A requirement for a military transport to replace 56 HS.748 twin turboprops operated by the Indian Air Force (IAF) is raising procedural problems for potential bidders. India released a Request for Information last December inviting OEMs to bid only if they could find private Indian partners. But candidate Indian companies are reluctant to commit to the project.
Hindustan Aeronautics Limited
India’s Hindustan Aeronautics (HAL) has signed a contract with Russia’s United Aircraft Corp Transport Aircraft (UAC-TA) to co-develop the 15- to 20-metric-ton-payload multirole transport aircraft (MTA). The pair formed a joint venture, Multirole Transport Aircraft Ltd, in 2010, following an inter-governmental agreement three years earlier.
Pilatus Aircraft confirmed that the Indian Air Force (IAF) has chosen the Pilatus PC-7 Mk II as its new basic trainer. The Swiss company values the contract, signed on May 24, at more than $525 million. It includes 75 aircraft, an integrated ground-based training system and logistics support. Deliveries will begin in the last quarter of this year.
The joint Indo-Russian project to produce a fifth-generation fighter aircraft (FGFA) for the Indian Air Force is facing a two-year delay. It will now take nine years instead of the stipulated seven to develop. The Indian Air Force attributes the delay to Hindustan Aeronautics (HAL), which has a workshare of 25 percent in the program.
India’s big-ticket military acquisitions are expected to aggressively push schedules for the transfer of production to the country’s ambitious aerospace and defense industry. But the technology that India expects to be transferred through co-development work generated by offset agreements is raising concerns among vendors about possible violations of intellectual property rights (IPR).
Few coompanies can lay claim to having as many as 10 aircraft planned or under development simultaneously, but India’s state-owned Hindustan Aeronautics Ltd. (HAL) is doing just that. However, while the Bangalore-based group’s ambitions may be laudable, it remains to be seen how it will face the formidable challenges of its current and planned projects.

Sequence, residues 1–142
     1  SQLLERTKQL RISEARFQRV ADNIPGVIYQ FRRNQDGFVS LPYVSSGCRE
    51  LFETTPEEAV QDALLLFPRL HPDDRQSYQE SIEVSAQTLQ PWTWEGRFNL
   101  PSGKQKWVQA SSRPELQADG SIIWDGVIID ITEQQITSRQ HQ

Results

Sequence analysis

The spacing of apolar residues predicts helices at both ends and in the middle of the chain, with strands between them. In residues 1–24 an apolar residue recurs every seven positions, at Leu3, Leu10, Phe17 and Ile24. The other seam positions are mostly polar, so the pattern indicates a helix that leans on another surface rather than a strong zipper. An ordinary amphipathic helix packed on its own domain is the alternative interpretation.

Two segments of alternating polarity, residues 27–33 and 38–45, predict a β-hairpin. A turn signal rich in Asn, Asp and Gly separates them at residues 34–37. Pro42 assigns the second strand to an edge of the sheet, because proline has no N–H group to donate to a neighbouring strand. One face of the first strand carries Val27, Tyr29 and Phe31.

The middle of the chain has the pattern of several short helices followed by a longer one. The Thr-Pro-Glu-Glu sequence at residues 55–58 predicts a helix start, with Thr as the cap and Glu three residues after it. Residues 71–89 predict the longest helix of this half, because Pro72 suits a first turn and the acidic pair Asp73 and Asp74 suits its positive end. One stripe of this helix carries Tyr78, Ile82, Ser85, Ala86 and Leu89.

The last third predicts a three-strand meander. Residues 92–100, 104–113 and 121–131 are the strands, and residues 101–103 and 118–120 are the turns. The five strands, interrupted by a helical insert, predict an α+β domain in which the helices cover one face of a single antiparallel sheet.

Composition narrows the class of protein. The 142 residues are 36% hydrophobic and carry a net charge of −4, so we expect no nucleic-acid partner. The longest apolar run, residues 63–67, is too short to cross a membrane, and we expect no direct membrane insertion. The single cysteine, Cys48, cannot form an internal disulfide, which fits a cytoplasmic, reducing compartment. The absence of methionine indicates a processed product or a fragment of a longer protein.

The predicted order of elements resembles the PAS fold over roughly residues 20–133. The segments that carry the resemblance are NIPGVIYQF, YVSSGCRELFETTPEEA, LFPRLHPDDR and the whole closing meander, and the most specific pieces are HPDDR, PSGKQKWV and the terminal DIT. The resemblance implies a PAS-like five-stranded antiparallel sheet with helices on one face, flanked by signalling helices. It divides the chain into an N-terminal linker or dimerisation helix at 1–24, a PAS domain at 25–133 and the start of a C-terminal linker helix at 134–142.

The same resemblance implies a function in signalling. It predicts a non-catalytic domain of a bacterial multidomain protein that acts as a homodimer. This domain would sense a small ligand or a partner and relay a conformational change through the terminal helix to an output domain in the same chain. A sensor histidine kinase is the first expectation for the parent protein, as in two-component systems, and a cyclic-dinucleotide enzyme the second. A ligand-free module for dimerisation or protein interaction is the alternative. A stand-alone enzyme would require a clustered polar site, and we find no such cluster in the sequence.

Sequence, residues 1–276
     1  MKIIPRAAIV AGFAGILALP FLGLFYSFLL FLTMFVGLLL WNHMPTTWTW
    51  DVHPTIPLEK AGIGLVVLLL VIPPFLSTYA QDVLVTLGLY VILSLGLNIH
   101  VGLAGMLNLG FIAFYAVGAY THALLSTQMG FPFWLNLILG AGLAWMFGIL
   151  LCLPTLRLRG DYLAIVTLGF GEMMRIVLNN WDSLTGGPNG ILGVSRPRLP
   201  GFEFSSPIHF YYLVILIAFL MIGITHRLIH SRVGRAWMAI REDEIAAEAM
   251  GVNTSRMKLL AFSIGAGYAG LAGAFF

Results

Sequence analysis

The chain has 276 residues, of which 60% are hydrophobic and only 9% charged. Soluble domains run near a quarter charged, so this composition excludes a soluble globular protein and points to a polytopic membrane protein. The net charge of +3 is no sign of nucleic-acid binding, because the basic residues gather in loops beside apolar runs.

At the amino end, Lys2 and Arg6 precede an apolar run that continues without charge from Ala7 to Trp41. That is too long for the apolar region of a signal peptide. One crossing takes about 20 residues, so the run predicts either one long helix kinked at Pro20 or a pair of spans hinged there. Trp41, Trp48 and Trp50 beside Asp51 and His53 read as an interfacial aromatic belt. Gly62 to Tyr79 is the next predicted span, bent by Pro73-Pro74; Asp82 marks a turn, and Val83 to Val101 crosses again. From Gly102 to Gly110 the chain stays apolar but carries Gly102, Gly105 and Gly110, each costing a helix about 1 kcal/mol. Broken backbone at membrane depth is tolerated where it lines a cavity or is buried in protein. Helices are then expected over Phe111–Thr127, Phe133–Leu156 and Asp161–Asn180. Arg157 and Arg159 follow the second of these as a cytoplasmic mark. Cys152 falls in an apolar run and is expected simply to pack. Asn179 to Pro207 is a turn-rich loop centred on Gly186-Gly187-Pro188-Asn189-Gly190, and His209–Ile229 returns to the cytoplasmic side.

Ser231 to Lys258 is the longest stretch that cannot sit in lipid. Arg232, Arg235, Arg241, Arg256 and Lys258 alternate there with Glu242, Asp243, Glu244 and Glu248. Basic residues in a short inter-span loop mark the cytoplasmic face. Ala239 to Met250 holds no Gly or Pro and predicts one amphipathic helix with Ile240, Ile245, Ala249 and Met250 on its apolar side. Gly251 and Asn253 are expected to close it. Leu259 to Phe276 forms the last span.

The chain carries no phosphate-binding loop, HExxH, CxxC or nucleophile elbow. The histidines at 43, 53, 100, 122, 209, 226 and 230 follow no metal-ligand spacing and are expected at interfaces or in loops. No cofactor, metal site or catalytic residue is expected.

Ruag Aerospace Services is here at NBAA ‘11, exhibiting on the Henderson Executive Airport static display line with an example of something sort of old and something quite new, the “New Generation” Dornier DO 228NG multi-mission turboprop twin.
Russia-based operator UTair last week received a certificate of conformity to Eurocopter training standards, thus becoming the first Eurocopter training center in which the manufacturer is not a shareholder. UTair is now approved for type-rating training of pilots and mechanics on AS350 and AS355 Squirrel light helicopters under Eurocopter programs.
India’s civil aviation authority, the DGCA, is considering grounding all Hindustan Aeronautics (HAL) Dhruvs until the airframe is modified around the intermediate gearbox (IGB) in the tail fin. In some helicopters, “cracks were observed on the rib bottom of the IGB [and an associated area],” according to a proposed airworthiness directive issued in March.
India’s civil aviation authority, the DGCA, is considering grounding all civil Hindustan Aeronautics Limited (HAL) Dhruv light twin helicopters until the airframe is modified around the intermediate gearbox (IGB) in the tailfin. In some helicopters, “Cracks were observed on the rib bottom of the IGB and the associated area of the fin torsion box assembly,” according to a recently proposed Airworthiness Directive.